Sometimes, if you wait long enough, some of the best things in life can be yours at no cost.
With the coming of the new year, that includes a treasure trove of American literature, films, and other items that have now had their copyrights lapse due to inaction by the US Congress, and have now entered the public domain. This year, that means works produced in the year 1924.
The same year, mind you, that Mansfielder Louis Bromfield’s first book was published.
According to Wikipedia, The Green Bay Tree’s storyline goes like this:
“John Shane, a mysterious gentleman appears in a Midwestern town and builds his estate-Cypress Hill-beyond the penetrating eyes of the townspeople who refer to it as Shane’s Castle. After his death, his widow Julia, and daughters Lily and Irene, make no effort to quell the speculation of their neighbors. Steel mills eventually surround Shane’s Castle and its inhabitants, serving only to enhance the appearance of the Shane clan’s separateness. With his keen storytelling, the author carefully unfolds the stories of a community of people and the Shane women with whom they are fascinated, preoccupied, and even obsessed.”
If the term “Shane’s Castle” sounds familiar, it should. The mansion was based on Bromfield’s childhood memories of Oak Hill Cottage, which still stands north of downtown Mansfield.
Three years later, Bromfield would win the Pulitzer Prize for his novel, “Early Autumn.”
What does entering the public domain mean for The Green Bay Tree? It should shortly become available for download on e-readers for free. This may well be the year, therefore, when you can become introduced to the writings of Louis Bromfield.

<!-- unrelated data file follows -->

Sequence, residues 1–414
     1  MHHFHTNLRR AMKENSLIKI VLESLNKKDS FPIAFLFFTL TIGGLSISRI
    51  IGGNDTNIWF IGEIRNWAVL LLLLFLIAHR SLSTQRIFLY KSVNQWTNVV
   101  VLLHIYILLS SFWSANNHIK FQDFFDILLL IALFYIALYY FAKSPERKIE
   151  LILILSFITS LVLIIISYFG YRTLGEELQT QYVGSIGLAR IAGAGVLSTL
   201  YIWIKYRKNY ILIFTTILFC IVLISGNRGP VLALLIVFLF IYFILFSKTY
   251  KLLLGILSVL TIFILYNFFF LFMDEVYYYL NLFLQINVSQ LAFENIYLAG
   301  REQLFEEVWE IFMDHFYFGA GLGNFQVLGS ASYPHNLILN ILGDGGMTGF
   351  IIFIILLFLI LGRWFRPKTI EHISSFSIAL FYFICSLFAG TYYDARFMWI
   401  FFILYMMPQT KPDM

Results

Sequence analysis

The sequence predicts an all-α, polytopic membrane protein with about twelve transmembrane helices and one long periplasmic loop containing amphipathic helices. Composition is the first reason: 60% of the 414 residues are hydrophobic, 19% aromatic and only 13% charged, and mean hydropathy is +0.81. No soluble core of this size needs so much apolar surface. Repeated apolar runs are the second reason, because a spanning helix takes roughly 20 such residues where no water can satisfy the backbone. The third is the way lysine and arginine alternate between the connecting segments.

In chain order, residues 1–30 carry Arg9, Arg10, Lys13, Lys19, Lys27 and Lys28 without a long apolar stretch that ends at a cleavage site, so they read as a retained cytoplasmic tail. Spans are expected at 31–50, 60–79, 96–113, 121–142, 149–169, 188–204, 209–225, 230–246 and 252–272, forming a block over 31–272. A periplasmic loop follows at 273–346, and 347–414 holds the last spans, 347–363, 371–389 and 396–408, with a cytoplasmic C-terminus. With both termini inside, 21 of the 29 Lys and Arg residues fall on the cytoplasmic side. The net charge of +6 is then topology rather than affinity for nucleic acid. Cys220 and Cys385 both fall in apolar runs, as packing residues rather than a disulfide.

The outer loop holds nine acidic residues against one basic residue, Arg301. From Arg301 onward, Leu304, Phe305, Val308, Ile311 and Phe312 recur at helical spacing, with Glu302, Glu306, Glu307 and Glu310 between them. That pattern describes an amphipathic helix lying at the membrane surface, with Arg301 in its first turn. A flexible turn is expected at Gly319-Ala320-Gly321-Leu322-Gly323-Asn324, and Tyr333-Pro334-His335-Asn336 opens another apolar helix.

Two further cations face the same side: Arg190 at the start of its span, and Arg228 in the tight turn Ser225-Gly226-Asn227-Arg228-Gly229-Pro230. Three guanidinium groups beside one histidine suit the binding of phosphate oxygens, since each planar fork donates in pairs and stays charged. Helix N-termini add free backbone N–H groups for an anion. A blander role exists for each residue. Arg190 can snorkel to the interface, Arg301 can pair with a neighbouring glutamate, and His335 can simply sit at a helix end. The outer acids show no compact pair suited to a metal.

It also allows us to share a small exceprt, to-wit:
“THE drawing-room of the house in the Rue Raynouard was a long, high-ceilinged room with tall windows opening upon a terrace and a sloping lawn which ran down to the high wall that shut out the dust and the noise of the Rue de Passy. It was curiously like the muffled, shuttered drawing-room in the old house in Cypress Hill, not because the furnishings were the same; they were not. From Shane’s Castle Lily brought only two things . . the glowing Venice and the portrait of her father. Mr. Turner’s flamboyant painting hung above the black marble mantelpiece in the Rue Raynouard. The portrait of John Shane hung against the satinwood paneling opposite the row of tall windows. The similarity was not an easy thing to define, for its roots lay in nothing more tangible than the bond between old Julia Shane and her daughter Lily, in a subtle sense of values which the one had passed on to the other.”